Bolt-Together Belt Grinder for the No-Weld Shop

Belt grinding offers a lot of advantages for the metalworker, and since belt grinders are pretty simple machines, shop-built tools are not an uncommon project. A bolt-together belt grinder makes this tool even more accessible to the home gamer.

With no access to a welder but with a basic milling machine and an ample scrap bin at his disposal,  [IJustLikeMakingThings] had to get creative and modify some of the welding-required belt grinder designs he found online to be bolt-up builds.  The key to a cool running belt grinder is for the belt to be as long as possible, and the 2″x72″ belt seems to be the sweet spot, at least here in the States. Machined drive and idler wheels with the crown needed for proper belt tracking were sourced online, as was the D-bracket for holding the two guide wheels. But the rest of the parts were fabricated with simple tools and bolted together. [IJustLikeMakingThings] provides a lot of detail in his write-up, and it shouldn’t be too hard to build a belt grinder just like this one.

Looking for other belt grinder plans to compare notes? Here’s a grinder with an even simpler design, but with welding required.

19 thoughts on “Bolt-Together Belt Grinder for the No-Weld Shop

  1. Who has a milling machine but not a welder? Lol but in all seriousness, this looks like a great project and a good addition to the shop. I’ll save a small bit of cash on hardware with my welder.

  2. So, I’ve used several machines over last 40+ years that we all referred to as “belt Sanders” when does one begin calling a machine a belt grinder? I just assumed if it had an inflexible abrasive medium it was a grinder, and when it had a flexible, sand bonded paper or fabric substrate it was a sander. What gives?
    Or is this one of those regional things?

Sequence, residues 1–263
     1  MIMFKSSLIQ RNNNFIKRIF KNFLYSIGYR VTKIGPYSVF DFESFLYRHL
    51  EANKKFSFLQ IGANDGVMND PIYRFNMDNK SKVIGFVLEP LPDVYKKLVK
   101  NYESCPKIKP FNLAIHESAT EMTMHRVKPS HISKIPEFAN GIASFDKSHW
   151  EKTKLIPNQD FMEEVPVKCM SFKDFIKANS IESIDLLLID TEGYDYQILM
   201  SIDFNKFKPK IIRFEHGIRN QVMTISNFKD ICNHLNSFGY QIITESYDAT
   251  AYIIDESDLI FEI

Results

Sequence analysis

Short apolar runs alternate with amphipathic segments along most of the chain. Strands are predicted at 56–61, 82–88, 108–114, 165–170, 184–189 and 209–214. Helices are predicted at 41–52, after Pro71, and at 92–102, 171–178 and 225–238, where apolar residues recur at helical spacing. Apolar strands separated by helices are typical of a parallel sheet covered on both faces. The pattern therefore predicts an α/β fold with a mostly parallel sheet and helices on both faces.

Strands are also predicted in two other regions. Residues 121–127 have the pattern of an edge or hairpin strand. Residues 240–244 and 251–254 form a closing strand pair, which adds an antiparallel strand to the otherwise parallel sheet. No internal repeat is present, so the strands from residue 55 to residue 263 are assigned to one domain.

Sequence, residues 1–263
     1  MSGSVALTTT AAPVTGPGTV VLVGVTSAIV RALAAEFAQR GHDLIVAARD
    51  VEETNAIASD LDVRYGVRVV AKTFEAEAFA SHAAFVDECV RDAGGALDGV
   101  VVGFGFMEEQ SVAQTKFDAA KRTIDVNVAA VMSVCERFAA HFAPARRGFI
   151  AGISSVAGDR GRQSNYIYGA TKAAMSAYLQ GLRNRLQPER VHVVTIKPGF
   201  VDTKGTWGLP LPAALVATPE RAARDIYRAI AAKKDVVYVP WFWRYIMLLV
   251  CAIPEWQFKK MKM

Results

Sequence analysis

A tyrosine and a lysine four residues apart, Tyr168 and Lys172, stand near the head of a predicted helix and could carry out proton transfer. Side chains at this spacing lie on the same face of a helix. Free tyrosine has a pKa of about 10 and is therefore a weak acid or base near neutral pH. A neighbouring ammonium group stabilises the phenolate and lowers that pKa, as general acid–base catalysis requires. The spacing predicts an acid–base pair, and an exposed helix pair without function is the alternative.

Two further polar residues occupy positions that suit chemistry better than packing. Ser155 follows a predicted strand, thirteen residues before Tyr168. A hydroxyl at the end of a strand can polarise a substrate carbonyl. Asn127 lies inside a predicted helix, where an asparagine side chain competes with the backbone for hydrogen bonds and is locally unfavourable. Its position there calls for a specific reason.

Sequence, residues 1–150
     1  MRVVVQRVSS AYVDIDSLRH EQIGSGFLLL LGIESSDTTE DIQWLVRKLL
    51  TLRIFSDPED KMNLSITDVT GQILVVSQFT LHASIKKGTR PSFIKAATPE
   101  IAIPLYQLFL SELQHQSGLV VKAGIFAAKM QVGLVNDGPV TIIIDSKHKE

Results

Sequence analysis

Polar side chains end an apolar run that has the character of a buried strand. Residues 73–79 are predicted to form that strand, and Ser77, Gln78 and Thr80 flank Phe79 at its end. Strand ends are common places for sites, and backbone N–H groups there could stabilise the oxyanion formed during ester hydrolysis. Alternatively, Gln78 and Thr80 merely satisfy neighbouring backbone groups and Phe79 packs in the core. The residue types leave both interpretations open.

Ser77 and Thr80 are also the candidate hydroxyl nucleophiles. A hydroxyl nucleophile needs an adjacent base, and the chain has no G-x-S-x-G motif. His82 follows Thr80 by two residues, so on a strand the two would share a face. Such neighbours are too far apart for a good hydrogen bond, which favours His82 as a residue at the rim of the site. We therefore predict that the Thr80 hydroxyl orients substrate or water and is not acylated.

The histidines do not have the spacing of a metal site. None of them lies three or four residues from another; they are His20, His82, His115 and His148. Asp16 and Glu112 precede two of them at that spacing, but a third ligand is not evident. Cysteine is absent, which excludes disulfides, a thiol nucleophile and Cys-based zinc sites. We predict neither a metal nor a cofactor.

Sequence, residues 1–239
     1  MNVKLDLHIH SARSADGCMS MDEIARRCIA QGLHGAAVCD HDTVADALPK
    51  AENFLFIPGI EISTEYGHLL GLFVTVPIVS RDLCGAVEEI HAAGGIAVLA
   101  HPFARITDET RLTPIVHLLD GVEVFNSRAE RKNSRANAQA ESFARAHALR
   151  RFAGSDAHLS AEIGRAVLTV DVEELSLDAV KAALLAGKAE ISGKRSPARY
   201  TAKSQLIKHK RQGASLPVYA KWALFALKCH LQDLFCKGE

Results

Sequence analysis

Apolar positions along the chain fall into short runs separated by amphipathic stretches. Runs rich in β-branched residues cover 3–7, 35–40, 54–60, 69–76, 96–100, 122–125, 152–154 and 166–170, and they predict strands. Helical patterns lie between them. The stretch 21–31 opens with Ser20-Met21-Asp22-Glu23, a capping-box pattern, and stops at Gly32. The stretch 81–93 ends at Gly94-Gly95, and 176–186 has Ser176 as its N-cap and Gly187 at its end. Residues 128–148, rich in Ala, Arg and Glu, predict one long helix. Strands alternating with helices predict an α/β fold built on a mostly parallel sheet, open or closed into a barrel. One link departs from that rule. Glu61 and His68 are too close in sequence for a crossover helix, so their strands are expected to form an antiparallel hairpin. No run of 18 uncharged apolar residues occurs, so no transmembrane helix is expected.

1. I think if it works on metal it grinds, whereas if it’s only for wood it sands. … though I’ve got an older 4″ belt 6″ disc black and decker piece that’s called a sander and ground aluminum on it, but I’m just contrary.

    2. Yeah, this business of calling a sander a grinder has always seemed odd, but I guess that is how it is. I guess if I rub a piece of metal on sandpaper, I am grinding not sanding. I’ll have to work hard to get my language straight. I do want one of these belt sanders though so I can grind metal with it. I can hardly wait. But do I order grinding belts instead of sanding belts? This is all so confusing.

    3. Belt sanders run slower than belt grinders. Belt grinders typically have adjustable speed motors so you can slow them down, or speed them up depending on the material you are grinding. They will almost always have beefier motors as well. This keeps them from stalling out while you are removing material from metal stock. Can you sand wood on a belt grinder? Sure, as long as you slow it down, or like the smell of burning wood. Can you grind metal on a belt sander? Sure, but it’s going to be slower than a belt grinder.

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